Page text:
"Smart" TVs and Blu-ray Players
A major trend in recent HDTV and Blu-ray players is Internet connectivity, providing built-in access to Web-based entertainment and information. There are two ways to get at these online goodies – through a single-purpose "app" that lets you access a specific online service, or through a Web browser. Each has its pros and cons when it comes to watching online video.
Like an app on a smartphone, a smart TV app gives you one-click access, without having to worry about typing in a Web address. Of course, since you need a different app for every service, the screen can start to get cluttered. A smart TV or Blu-ray player will come with apps for online video services such as Netflix, Amazon Instant Video and Hulu Plus, though the specific services available vary from manufacturer to manufacturer. You'll also find apps to access music, photos, news and more. Still, there are lots of online video sources that aren't available in a handy app package.
That's where the browser alternative kicks in. Both LG and Samsung offer smart TVs and Blu-ray players with full-fledged Web browsers. This gives you lots of freedom to Web surf as you please, if you can get over one hurdle: entering Web addresses. On its higher-priced sets, LG delivers a cool remote that works like a Wii videogame controller — a pointer moves on the screen as you move your hand in the air. That lets you type in Web addresses by pointing at an on-screen picture of a keyboard. Easy to understand, but letter-by-letter input is a little tedious.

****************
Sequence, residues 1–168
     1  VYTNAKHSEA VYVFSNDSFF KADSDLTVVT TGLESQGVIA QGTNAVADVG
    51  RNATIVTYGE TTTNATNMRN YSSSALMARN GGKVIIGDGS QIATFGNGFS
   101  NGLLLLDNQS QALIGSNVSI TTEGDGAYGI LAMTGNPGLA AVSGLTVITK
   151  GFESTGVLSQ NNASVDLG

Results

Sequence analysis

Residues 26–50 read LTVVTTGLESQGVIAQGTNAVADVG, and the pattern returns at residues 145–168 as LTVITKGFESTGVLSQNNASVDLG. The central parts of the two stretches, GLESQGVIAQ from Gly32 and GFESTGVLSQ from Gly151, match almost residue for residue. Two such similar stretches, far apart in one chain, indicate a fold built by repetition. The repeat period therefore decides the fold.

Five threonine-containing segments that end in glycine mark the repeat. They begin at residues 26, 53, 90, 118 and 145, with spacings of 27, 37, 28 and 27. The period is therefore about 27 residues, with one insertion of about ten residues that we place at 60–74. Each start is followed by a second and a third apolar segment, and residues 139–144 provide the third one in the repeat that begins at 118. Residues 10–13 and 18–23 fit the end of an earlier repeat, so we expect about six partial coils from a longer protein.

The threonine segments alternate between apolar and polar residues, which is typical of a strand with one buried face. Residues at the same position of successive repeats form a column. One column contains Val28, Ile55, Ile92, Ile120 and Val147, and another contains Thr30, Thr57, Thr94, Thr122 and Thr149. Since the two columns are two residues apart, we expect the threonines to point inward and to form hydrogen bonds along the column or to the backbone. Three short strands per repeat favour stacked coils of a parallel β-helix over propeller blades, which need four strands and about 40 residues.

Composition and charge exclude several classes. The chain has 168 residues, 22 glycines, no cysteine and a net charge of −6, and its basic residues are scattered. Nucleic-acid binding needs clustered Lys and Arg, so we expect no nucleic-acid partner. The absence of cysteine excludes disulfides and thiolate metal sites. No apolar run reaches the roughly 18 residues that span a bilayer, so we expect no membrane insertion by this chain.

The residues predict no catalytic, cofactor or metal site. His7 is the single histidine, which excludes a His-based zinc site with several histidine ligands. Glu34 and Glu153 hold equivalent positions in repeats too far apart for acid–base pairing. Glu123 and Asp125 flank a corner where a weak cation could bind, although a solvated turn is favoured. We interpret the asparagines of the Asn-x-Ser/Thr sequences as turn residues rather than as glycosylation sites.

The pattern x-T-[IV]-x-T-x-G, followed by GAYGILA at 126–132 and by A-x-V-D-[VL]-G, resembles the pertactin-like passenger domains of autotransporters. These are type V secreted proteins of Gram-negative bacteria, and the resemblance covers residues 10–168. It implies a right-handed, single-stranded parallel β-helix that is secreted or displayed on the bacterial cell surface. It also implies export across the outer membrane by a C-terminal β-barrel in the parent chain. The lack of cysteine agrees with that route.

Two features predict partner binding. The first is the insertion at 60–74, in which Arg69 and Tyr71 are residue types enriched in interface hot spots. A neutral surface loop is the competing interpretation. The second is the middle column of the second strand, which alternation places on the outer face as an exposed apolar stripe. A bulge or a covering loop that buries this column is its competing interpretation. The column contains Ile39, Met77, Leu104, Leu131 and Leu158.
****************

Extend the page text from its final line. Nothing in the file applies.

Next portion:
Samsung took a different approach, with a dual-sided controller that has a small keyboard right on the back. It's not a bad system, as long as you have slender fingers and good aim.
Panasonic takes an apps-only approach to its smart TVs. That's true for Sony, too, for the most part, but they do offer a few sets and a Blu-ray player incorporating the Google TV system discussed below.